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66

It's about as standard procedure as crossing your legs when you're sitting. Arms in microgravity, without conscious effort to keep them by your body, will tend to extend the elbows to the sides - just like holding knees together when sitting, at least for men, requires active (if minor) effort. Holding arms like this simply prevents sticking elbows into the ...


50

Offered as a supplement to @SF's answer: This shows the fully relaxed arm position obtained by a sleeping astronaut. From here


50

It definitely does, and not just one person - except these people are ground-based. The astronaut crew is only a small fraction of the number of people operating, controlling and maintaining ISS. While astronauts operate in shifts, and usually (though not always) at the same time, periods when everyone on the station is asleep aren't anything infrequent. ...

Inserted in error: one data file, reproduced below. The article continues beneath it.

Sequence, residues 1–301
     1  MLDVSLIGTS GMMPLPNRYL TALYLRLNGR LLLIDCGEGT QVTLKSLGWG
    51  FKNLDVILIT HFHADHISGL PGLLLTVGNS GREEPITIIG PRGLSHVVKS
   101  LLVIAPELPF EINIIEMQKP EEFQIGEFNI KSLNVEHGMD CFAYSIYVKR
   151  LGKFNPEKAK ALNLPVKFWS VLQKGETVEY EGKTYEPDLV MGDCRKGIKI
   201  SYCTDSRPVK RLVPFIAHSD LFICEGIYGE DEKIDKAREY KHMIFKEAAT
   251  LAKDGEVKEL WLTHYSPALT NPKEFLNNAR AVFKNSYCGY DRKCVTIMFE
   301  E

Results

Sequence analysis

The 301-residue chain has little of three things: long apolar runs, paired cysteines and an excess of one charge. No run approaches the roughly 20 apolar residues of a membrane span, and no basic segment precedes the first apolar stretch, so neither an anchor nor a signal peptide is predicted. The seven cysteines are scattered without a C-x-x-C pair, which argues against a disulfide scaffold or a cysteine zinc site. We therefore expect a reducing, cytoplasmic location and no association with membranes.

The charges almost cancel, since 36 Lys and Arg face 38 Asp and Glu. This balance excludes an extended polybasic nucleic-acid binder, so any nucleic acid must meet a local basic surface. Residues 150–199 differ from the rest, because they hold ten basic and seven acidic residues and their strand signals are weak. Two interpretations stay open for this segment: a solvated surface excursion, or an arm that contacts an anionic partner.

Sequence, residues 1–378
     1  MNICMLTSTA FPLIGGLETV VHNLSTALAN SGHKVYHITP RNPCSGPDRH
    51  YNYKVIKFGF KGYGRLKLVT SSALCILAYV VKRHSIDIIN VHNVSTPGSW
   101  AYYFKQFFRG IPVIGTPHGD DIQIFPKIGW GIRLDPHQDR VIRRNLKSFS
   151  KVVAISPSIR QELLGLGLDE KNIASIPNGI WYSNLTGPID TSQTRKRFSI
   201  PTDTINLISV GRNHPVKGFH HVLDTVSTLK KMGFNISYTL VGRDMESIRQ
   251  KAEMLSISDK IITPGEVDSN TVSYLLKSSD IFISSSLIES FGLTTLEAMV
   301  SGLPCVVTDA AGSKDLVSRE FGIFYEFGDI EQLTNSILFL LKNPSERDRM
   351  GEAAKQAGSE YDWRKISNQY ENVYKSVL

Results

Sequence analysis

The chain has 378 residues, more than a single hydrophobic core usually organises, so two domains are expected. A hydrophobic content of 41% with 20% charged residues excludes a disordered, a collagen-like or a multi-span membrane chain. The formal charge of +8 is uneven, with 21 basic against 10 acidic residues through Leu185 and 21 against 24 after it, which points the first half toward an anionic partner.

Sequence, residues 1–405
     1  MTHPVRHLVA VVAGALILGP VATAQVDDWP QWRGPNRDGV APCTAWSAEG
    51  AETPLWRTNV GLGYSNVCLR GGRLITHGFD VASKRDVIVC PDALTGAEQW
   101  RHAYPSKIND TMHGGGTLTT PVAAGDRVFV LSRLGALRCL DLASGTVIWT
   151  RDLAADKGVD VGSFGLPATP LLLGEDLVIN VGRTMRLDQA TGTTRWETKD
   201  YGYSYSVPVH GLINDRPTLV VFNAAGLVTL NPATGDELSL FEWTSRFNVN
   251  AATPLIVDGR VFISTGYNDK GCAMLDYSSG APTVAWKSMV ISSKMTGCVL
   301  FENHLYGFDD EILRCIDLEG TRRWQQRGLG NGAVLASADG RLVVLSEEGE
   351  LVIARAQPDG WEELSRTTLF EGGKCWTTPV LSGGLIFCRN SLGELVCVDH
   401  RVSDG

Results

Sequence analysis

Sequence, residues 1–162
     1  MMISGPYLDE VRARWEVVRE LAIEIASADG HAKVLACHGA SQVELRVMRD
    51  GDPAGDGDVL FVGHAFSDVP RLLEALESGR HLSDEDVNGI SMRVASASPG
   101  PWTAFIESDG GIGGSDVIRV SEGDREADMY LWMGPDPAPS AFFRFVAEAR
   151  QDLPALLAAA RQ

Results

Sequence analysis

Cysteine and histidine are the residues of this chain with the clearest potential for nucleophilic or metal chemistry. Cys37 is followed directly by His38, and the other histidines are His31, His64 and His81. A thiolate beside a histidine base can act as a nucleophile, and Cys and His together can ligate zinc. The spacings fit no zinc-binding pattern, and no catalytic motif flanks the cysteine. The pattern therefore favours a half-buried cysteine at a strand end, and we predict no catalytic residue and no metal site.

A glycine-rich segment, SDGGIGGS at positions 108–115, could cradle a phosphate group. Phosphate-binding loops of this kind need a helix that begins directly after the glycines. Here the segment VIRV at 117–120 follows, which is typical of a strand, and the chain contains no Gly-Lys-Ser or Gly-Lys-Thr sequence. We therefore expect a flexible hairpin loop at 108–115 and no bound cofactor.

39

Look at the STS-122 video. How many astronauts do you see? I see six. Seven astronauts landed with STS-122. The six you see were the crew of STS-122 who spent twelve days in space. They could walk because twelve days in zero g isn't enough time to take a significant toll on musculature, bones, and blood. The seventh returning astronaut, Daniel Tani, who you ...


38

The answers to all your questions are described at length in section 6.4 (page 173) "Possibility of Rescue or Repair" of the CAIB Report. Appendix D-13 "STS-107 In-flight Options Assessment" is a very detailed description of the process that was utilized to come up with the self-repair and rescue options. Major elements of the process: Assumptions were ...


32